Car Key Technology Explained
There are typically 2 elements to vehicle security - Vehicle entry and Starting the
It's rare to have to insert a key into your vehicle these days to open the doors, as most vehicles have push
button remote locking/unlocking.
Early remote systems used basic RF (radio frequency) systems which were not very secure - the signals could
be captured by a third party using black electronics and then played back to gain access to the vehicle. Newer
systems use a rolling code (or hopping) system. With this system the code transmitted is never the same, so
recording the signal is useless to a thief. A new code is generated constantly by the remote key. The vehicle's
receiver also generates the same new code as both items use the same key number for generating the next code, so
the receiver will always know what code to expect.
Ok...so what if someone presses the remote out of distance from the vehicle, surely the codes will be out of
sequence and the vehicle won't open, right? No. To counter this problem the receiver will accept the next 100 or
more rolling codes generated. As the code system normally has a billion to a trillion plus permutations, allowing a
few hundred variations does not compromise security.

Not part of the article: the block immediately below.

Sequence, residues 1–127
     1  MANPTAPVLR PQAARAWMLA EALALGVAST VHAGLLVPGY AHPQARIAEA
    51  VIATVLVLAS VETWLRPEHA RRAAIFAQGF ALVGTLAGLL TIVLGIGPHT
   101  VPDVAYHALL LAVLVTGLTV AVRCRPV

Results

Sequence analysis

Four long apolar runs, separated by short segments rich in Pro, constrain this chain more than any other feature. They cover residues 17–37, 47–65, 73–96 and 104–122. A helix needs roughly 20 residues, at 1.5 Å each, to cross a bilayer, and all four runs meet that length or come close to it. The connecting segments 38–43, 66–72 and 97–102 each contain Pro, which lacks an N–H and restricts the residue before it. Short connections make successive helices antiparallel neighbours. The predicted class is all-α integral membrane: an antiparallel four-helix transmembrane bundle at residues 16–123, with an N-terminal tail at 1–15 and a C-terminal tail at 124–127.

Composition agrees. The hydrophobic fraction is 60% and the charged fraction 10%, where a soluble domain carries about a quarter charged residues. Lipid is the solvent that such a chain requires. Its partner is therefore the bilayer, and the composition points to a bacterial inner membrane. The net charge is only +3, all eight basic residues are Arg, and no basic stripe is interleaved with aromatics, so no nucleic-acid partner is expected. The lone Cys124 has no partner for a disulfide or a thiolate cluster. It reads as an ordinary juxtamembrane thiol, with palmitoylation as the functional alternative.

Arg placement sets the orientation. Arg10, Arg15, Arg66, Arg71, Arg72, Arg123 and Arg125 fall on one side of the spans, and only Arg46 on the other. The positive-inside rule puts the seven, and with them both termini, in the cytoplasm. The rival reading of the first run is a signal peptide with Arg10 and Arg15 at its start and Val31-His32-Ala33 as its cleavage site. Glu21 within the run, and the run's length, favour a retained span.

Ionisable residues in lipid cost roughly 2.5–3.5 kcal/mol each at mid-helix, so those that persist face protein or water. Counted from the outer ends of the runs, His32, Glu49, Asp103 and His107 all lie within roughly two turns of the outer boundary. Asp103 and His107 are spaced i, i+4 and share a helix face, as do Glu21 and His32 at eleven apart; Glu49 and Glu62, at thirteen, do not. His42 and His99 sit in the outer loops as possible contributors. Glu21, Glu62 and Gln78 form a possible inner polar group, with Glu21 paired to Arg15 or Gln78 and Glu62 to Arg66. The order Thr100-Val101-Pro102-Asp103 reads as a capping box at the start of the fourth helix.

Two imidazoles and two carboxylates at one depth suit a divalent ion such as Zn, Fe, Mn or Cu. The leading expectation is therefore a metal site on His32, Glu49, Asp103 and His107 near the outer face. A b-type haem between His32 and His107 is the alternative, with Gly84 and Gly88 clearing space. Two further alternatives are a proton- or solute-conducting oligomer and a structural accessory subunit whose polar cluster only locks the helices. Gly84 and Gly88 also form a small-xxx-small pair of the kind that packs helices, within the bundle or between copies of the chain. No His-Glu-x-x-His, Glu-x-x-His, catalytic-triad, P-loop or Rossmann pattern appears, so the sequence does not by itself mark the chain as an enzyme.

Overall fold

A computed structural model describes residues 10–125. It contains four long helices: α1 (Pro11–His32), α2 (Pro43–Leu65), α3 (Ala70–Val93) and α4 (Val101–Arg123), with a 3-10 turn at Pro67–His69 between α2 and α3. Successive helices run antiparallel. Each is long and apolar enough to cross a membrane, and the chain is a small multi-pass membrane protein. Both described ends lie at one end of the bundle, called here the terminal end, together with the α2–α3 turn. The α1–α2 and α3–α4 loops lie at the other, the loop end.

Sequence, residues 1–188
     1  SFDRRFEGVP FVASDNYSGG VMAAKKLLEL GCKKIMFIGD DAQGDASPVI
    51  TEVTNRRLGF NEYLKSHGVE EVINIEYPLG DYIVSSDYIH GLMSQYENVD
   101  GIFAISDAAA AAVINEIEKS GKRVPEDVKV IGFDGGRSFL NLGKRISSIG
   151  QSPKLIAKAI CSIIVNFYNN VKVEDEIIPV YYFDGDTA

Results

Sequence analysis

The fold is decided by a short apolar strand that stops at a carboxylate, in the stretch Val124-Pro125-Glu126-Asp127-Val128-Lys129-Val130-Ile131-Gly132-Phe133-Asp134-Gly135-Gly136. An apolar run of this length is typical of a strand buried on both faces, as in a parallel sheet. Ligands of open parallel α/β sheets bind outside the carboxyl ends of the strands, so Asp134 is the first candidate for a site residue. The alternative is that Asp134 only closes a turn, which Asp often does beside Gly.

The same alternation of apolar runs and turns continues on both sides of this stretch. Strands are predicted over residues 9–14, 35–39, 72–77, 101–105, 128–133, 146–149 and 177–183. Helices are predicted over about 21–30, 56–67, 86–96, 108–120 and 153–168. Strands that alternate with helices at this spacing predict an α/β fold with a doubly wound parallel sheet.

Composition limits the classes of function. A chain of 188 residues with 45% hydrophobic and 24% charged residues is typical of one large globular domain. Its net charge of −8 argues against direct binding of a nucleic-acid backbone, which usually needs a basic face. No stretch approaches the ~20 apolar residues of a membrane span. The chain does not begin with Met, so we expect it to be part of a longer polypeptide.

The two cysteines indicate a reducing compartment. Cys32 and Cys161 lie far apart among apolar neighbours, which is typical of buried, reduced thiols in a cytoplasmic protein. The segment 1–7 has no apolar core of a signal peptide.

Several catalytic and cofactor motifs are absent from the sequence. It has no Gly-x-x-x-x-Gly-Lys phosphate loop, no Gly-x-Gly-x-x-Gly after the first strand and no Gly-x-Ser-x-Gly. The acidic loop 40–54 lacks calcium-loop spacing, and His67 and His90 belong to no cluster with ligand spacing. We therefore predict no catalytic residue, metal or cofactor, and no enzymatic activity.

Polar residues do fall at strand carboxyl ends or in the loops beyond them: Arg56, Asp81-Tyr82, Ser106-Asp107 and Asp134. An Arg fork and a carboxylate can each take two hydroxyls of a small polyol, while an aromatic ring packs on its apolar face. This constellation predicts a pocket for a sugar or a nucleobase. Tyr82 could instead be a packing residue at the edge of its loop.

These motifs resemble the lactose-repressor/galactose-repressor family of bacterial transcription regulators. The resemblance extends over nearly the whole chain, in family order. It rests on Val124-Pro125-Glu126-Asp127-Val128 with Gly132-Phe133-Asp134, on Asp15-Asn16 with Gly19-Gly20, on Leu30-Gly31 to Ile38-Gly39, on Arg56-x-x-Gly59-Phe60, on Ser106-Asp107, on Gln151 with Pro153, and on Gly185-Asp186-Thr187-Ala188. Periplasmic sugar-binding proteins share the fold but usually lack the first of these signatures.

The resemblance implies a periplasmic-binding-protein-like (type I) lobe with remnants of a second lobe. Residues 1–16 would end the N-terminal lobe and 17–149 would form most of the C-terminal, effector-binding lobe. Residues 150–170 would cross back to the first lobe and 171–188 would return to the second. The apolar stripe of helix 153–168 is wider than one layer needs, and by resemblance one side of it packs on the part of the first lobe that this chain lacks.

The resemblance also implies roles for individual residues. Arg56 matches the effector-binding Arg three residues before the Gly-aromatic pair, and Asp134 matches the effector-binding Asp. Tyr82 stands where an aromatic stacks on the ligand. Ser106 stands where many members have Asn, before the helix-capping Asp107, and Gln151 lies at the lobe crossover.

However, if someone has been pressing the remote numerous times out of distance of the vehicle (maybe a hyper
bored sales rep or kids messing around!) then the remote may stop working and fail to open the vehicle. In this
case the remote can normally be sychronised again quite easily, depending on the vehicle - see our remote programming instructions.
Some manufacturers, particularly French companies like Renault and Peugeot employed infra red technology in some
of their early remote locking systems. This required pointing towards the vehicle at the receiver to lock and
unlock the vehicle. Most if not all infra red systems have been replaced by RF technology now. If you've lost a
remote control for an infra-red system there's a good chance you can easily reprogram a new or even second hand key
remote to your vehicle with our instructions.
Pioneering technology doesn't even require pressing anything for entry. Systems range from simply having the
key/smart card within a certain distance of the vehicle to open or lock the doors to fingerprint recognition
incorporated within the door handle.
Starting a vehicle
The original vehicle keys were no more advanced than a standard front door key to your house. While your house
can't be driven away your car can and ignition barrel locks on vehicle's have proved to be little defence to
With vehicles now being controlled by computers (ECU) this technology has also extended to the vehicle's key.
Most vehicles today now employ transponder technology in the key as added security - read here
On luxury vehicles keys can be individually coded to suit the driver. So once the key is inserted all settings
such as seat position, steering wheel height, headrest and door mirrors will adjust as programmed for that
There are even valet keys which only allow access to driving the vehicle but no access to the boot or glovebox
where valuables may be stored and will also restrict the vehicle's power output to avoid any abuse to the
The latest technology being employed by manufacturers like Mercedes Benz is to remove the key altogether
replacing it with fingerprint recognition.